I began to wonder if being seen this way is really a good thing. Is being grounded and down-to-earth an essential component of a strong brand? Or are those more grounded brands really just dated and undifferentiated -- will the return to basics end up hurting their business? To answer these questions, we tapped into Landor's consumer brand equity tool, BrandAsset® Valuator (BAV). In the United States, we measure 3,000 brands annually on 70 key measures of equity and imagery. One of those attributes is "down-to-earth."
First, let's take a look at those brands rated as the most down-to-earth:
|Top 20 Down-To-Earth Brands|
|1 Walmart||11 Ace Hardware|
|2 Kmart||12 Kellogg's Corn Flakes|
|3 Betty Crocker||13 John Deere|
|4 Cheerios||14 Sears|
|5 Home Depot||15 Bisquick|
|6 Morton Salt||16 Target|
|7 Payless ShoeSource||17 General Mills|
|8 Kraft||18 Smucker's|
|9 Lowe's||19 Gold Medal|
|10 Duncan Hines||20 Sam's Club|
Wow, what a mess. At first glance it seems to be a mishmash of retailers, cereals, and other CPGs with a disturbing number of "old" brands -- brands that don't feel up to date or in touch with current consumer needs or social trends. At the same time, several of the brands are clear leaders and ones we know as vital and relevant. So, we looked a bit closer and broadened our knowledge about brands.
Most importantly, just being down to earth isn't enough. A subset of several of the 20 most down-to-earth brands is also believed to be forward-looking: up-to-date, innovative, and progressive. These brands are the strongest of the 20. That is, they score higher in BAV than over 90% of the brands we measure, and have an average BrandAsset score of 96%. These down-to-earth brands are also very strong overall:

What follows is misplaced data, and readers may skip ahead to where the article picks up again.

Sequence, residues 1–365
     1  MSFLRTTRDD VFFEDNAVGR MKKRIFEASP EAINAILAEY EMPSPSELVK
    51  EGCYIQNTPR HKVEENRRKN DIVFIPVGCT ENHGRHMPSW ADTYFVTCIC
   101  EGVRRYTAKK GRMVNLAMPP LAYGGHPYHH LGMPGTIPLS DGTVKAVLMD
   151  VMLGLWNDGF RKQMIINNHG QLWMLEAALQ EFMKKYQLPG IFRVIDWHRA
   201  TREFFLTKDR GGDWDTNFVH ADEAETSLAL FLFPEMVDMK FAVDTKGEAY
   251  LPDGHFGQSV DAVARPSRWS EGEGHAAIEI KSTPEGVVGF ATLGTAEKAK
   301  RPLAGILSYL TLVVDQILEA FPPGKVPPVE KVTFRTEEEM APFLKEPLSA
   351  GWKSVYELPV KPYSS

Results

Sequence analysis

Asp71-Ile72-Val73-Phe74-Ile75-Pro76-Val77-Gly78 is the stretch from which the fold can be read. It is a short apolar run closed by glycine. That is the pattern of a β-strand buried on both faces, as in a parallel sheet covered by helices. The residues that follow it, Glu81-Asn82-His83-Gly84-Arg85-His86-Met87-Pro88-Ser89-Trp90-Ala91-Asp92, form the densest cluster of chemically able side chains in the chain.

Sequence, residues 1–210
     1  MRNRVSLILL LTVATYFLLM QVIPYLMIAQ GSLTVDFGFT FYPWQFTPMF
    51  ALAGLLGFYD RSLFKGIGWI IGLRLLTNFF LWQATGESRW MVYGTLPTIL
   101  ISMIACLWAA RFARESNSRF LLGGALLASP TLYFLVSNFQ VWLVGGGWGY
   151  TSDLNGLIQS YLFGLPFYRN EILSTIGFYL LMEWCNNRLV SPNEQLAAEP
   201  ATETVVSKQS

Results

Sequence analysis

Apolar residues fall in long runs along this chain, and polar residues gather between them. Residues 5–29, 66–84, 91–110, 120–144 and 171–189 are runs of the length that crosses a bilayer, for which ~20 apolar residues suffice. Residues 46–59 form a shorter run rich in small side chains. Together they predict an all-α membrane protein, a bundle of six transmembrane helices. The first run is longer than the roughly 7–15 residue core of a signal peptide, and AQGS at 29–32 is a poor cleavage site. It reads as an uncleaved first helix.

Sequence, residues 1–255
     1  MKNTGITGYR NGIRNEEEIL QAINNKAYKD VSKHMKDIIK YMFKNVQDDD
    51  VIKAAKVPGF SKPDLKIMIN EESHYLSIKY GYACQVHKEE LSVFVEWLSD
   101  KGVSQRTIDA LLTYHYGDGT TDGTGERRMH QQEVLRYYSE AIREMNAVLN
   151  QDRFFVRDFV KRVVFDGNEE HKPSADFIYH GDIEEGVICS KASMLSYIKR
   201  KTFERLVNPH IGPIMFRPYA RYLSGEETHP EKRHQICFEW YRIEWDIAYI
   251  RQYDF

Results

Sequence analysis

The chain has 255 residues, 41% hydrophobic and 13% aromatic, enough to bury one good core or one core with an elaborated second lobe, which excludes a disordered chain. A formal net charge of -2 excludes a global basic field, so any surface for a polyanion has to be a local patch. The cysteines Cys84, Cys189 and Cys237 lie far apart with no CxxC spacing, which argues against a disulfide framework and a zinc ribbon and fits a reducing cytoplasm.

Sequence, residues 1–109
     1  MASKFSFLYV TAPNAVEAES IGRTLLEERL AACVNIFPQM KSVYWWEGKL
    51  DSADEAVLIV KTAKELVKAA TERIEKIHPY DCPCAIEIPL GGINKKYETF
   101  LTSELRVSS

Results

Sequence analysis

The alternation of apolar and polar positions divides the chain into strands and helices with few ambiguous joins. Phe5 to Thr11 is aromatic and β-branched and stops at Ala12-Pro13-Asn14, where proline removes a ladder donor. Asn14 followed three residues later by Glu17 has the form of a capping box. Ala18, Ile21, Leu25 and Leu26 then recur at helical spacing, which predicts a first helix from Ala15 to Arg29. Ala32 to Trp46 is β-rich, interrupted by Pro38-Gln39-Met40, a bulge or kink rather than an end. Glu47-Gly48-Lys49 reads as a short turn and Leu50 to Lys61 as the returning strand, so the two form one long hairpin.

Down-to-earth brands that are also strong brands
4. Home Depot
6. John Deere
7. Sam's Club
Interesting list. With the exception of Kraft and John Deere, we lost the CPG brands and cereals and were left with a vibrant list of national retailers who meet the needs of the American consumer every day. What characteristics do they share in BAV? In addition to being innovative and progressive, they aren't especially arrogant, are believed to care a lot about their customers, and are daring and visionary.
Intuitively, we don't associate down-to-earth with visionary and innovative, but apparently the American public does. These companies still find ways to reinvent their businesses on a regular basis and ensure us that reinvention helps us, not just the company's bottom line. Taken together, these are all brands that are close to the customer.
The other 13 most down-to-earth brands making the "forward thinking" cut have an average BrandAsset score of 81%. Not bad and still stronger than eight in ten brands tracked in BAV in the United States, but significantly lower than our forward-thinking group.
What seems to be pulling these brands down is that they are seen as less differentiated and lower on all the forward-thinking attributes: less innovative, less progressive, less daring, less visionary. That's not to say they aren't seen as the best brands in their categories. Several are: Morton Salt, Betty Crocker, and Cheerios are especially highly rated as "best brand." Many are even seen as worth paying more for: Smucker's, Duncan Hines, Betty Crocker, and Bisquick.
But they all feel a bit stuck. As much as these brands command our esteem and affection, the public isn't giving them credit for creating new ideas or taking risks, so they are not as strong as those brands that do continue to move forward.
So what does this mini-exploration tell us? On the whole, being down-to-earth is a good thing. Down-to-earth brands tend to be stronger than average. Yet that is not enough. Companies should not let their nervousness about the economy and the changing consumer keep them from being daring, from finding new and even risky ways to stay close to the customer. Done right, you will be rewarded with a stronger, more enduring brand -- and ultimately, financial rewards. Just look at that list!